The big takeaway from this case is that, while Enron was implementing shady business practices, it was Arthur Andersen, the CPAs, and accountants, that were helping the company cover it up. 

It’s no surprise that professional Code of Ethics overhauls and regulation increases, both at the governmental and company level, followed the downfall of Enron. Shareholders had been shaken, and the only way to regain their trust was to prove that those with financial oversight had the honesty and integrity to make the right decision, even if it didn’t always paint a rosy picture. 

Today, ethics are a core part of the accounting profession to aid in preventing disastrous situations like the Enron and Arthur Andersen scandal; without ethics in place, the public wouldn’t put their faith in what we do and accounting companies big and small would have a hard time even getting in the black. If there were no ethical standards within the accounting industry, the clients we serve and the companies we work for would fail. We are the liaisons of financial information to interested parties, and we have to take due care to ensure that information is accurate. We also have to understand that honesty and integrity help our clients the most, help us maintain trust with the general public, and help our businesses stay financially viable. Professional ethics make it a win-win-win situation.

Ethics Help Us Navigate a Changing Profession

Accounting has certainly evolved over the last century, with significant changes taking place in the last few decades as technology has become a key player in the profession. Without a strong base of ethics in the field, rapid changes like this would cause confusion and inconsistencies from state to state and firm to firm.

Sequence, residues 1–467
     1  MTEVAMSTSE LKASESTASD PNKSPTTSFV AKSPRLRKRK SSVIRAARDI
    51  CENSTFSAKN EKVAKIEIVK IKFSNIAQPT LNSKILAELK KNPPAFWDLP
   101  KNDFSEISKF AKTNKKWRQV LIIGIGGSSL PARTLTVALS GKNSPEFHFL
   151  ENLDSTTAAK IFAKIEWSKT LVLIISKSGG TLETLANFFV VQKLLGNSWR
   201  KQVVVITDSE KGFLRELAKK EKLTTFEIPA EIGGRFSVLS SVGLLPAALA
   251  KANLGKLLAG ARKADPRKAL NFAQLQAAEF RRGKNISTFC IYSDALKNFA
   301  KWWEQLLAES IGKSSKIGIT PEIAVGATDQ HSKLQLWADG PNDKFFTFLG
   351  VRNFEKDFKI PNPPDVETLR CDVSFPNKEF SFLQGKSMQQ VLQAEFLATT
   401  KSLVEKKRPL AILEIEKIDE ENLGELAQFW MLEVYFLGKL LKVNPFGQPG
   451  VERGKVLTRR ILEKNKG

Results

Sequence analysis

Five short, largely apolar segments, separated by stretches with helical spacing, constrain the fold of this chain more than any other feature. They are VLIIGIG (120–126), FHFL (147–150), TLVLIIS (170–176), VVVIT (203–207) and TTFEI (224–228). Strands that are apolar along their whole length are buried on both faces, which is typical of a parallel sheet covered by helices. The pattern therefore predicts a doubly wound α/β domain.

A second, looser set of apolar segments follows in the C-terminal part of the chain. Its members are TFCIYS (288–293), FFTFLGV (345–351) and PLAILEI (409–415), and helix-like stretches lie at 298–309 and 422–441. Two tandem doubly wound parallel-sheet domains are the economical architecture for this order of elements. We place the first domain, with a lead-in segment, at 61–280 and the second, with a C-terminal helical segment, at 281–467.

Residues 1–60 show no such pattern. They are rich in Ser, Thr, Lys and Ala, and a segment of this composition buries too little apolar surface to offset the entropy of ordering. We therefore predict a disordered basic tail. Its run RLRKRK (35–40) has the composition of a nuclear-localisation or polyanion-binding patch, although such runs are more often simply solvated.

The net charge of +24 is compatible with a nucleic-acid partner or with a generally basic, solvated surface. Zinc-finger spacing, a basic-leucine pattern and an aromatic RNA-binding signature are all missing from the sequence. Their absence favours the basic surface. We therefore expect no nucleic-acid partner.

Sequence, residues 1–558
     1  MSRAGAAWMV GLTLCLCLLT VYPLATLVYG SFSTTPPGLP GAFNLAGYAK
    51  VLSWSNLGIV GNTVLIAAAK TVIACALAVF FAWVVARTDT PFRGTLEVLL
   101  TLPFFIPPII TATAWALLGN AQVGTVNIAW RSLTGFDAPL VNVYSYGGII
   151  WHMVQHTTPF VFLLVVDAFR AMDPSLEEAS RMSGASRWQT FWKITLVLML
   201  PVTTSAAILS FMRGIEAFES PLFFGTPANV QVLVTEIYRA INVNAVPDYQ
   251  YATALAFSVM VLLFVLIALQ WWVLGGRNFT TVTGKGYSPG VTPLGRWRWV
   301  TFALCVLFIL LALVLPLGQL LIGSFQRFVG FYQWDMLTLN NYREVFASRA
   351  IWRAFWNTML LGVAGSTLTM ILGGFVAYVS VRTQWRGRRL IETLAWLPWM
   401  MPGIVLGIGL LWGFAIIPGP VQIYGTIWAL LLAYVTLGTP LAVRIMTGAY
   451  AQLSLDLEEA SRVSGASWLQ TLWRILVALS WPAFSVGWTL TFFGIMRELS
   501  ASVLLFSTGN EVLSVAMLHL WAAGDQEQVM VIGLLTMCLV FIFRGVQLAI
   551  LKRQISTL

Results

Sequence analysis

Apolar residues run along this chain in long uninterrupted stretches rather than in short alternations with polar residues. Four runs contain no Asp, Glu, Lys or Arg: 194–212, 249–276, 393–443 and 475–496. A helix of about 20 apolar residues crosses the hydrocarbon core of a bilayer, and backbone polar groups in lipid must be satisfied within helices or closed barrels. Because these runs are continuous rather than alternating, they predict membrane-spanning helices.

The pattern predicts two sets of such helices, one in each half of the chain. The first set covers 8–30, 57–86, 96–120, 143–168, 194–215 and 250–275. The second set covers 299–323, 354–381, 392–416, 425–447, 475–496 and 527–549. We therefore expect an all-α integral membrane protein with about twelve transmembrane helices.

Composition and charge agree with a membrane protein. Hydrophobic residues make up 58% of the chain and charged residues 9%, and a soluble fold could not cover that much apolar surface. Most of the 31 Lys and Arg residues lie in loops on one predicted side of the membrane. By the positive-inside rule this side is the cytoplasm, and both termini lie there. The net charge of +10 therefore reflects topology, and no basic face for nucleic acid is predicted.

The role of the accountant has also changed dramatically. CPAs can work in public accounting, tax, and industry, and they can hold a variety of roles in each of those fields. They can work as managers, C-suite executives, cost accountants, and even within the information systems sector of a business. They can also work at organizations of any size. Some CPAs own their own single-member firms while others work for global organizations. Basic ethics help us lay a foundation for any role an accountant plays in any organization. They pertain to every job in every field to help us navigate dilemmas at every step in our career. And while you should always keep up with job-specific ethics, you’ll know you have a strong base for ethical decisions just by adhering to the foundation of professional ethics in the accounting industry. 

The basics of ethics in our profession are to act with honesty and integrity, objectivity, and the competence required of us through the CPA license. Broken down into an even more simple idea, we should always be evaluating if a situation is ethical and trust our feelings if something seems off. These key ethical foundations hold true no matter how the profession changes and can help every single CPA get on the path to the right decision. 

Professional ethics in the accounting industry have been, and will always be, vital to the survival of the profession. If you’re looking to brush up on your ethics or fulfill your Ethics CPE requirements, check out the variety of NASBA approved Ethics courses we offer.